In addition to how it is processed into a powder that is stirred into water rather than steeped, there are other ways that matcha is different. With a cup of matcha, you are drinking the leaf, which many believe is a benefit. When you drink the tea leaf, you are consuming 100% of the leaf and all its nutrients. Many believe there are benefits to drinking matcha tea because you are consuming all its nutrients.
Matcha is also a seasonal tea, meaning that only new spring buds and leaves of the shade-grown tea plants are harvested for matcha production. The best time to harvest is when the plant has three to five new leaves. If harvested too early, the yield will be small; too late and the quality is compromised. This presents a narrow window for harvesting and production and is another reason matcha costs more than many other teas.
Finally, in addition to a wonderful cup of tea on its own, matcha is well-suited for making smoothies, ice cream and baked goods, making it one of the more versatile teas available.
Being a green tea, matcha does contain caffeine and in higher levels than other green teas. Because the entire leaf is used, matcha tea can contain nearly as much caffeine as a cup of coffee. However, caffeine release is believed to be slower because you are drinking the entire leaf. This slower release of caffeine reduces “caffeine jitters” that coffee or other teas can cause.
*While these caffeine levels hold true generally, caffeine in tea varies from plant to plant and within tea types.
There are several levels of matcha. The Japanese term for the best matcha is koicha, or “thick tea.” Also referred to as Ceremonial grade matcha, this type is made from the best spring leaves harvested in Uji. In Japan, koicha is ordinarily reserved for tea ceremonies. The next best grade, Premium, is called usucha, or “thin tea.” Usucha is less expensive, making it more suitable for everyday use as a traditional brew or a matcha latte. Finally, Culinary grade is a commercial grade used for ice cream, smoothies, baked goods and other green tea flavorings.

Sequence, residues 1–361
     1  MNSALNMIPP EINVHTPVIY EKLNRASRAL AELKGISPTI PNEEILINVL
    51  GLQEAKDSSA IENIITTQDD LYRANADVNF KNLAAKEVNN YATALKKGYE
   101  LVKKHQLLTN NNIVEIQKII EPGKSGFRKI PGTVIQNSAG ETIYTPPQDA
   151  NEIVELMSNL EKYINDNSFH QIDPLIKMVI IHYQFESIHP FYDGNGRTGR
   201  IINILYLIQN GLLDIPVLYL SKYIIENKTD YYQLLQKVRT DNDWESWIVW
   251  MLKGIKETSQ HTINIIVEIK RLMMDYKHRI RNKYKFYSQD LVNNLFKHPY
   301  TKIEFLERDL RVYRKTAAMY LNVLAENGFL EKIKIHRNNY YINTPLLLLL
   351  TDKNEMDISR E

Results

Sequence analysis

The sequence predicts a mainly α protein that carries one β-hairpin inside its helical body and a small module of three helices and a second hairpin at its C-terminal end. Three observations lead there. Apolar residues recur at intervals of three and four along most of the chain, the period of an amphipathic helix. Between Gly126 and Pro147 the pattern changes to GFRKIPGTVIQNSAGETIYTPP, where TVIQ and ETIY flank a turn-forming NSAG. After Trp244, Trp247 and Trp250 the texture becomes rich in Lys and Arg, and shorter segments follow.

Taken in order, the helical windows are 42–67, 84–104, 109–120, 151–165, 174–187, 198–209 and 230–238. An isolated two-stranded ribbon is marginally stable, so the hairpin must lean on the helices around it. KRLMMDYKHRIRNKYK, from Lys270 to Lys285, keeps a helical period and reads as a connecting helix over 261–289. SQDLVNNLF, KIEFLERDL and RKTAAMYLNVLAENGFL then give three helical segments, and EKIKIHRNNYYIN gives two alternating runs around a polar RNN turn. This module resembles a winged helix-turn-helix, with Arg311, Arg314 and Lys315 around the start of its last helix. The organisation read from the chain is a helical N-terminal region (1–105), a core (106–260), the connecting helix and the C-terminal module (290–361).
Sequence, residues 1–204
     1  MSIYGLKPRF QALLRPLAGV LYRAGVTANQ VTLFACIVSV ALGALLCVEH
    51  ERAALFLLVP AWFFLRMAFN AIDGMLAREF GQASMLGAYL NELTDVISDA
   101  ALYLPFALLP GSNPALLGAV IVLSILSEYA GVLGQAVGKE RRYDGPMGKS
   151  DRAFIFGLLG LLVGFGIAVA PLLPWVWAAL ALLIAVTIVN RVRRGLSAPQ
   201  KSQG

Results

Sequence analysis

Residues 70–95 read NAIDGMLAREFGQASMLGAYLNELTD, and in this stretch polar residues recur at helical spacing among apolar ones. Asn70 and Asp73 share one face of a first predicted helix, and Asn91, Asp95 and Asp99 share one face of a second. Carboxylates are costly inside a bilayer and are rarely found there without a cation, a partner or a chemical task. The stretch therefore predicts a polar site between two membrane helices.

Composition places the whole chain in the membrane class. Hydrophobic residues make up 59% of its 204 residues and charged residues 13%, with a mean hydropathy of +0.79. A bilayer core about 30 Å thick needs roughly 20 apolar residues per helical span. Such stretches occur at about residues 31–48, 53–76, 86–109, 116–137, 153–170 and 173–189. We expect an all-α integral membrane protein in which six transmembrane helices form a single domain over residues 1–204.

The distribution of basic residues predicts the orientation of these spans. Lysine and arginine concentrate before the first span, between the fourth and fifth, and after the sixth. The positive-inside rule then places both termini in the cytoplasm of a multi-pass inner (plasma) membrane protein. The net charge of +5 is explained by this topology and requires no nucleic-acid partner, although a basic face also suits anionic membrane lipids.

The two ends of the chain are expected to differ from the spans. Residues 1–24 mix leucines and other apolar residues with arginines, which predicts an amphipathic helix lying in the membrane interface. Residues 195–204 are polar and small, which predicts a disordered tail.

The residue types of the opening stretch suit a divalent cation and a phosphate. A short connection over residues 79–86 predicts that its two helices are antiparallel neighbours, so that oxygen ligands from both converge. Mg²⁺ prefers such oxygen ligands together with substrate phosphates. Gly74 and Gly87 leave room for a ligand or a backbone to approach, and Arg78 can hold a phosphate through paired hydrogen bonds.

You’ll notice a price difference in the three grades, which primarily has to do with processing. Ceremonial grade in particular is processed with extreme care and uses the most carefully cultivated buds and leaves. It is processed with great care to create only the finest matcha and is meant to be enjoyed on its own, without any additives. Culinary, on the other hand, has a muted flavor that works well paired up with other ingredients. Its processing is not done with as much care as Ceremonial or Premium and may contain some stems and veins from the leaf— these are carefully removed from Ceremonial and Premium. Culinary may also contain a mix of matcha powders rather than a pure grind.
The color, aroma and flavor are also factors used to determine a matcha’s grade. Remember when you go to purchase this tea that not all matchas are created equal! If you want matcha to create a traditional cup to drink, you will have a finer experience if you purchase a Ceremonial- or Premium-grade matcha. If you want it to pair with food, save yourself a few bucks and purchase a Culinary grade, which works perfectly as a distinct flavor and color additive.
Which matcha grade you choose is up to you and completely a matter of taste, preference for thickness and desired experience. In the end, if you like it, you made the right choice! Here are three classic Harney matchas in each category:
This award-winning extra thick matcha is sweet and luxurious, perfect for a traditional cuppa.
This thick grade of matcha is not as thick or sweet as our Unjonotomo but will still provide you with a true matcha experience.
As a thin matcha, the flavors are more muted than Senjunomukashi and Unjonotomo. Both its thinner body and flavor make it ideal for whatever you want to whip it into in the kitchen.
Looking for a matcha that can just be your everyday matcha buddy? Nothing fancy, just straight up, delicious matcha? We gotcha covered there, too, with our Organic Everyday Matcha.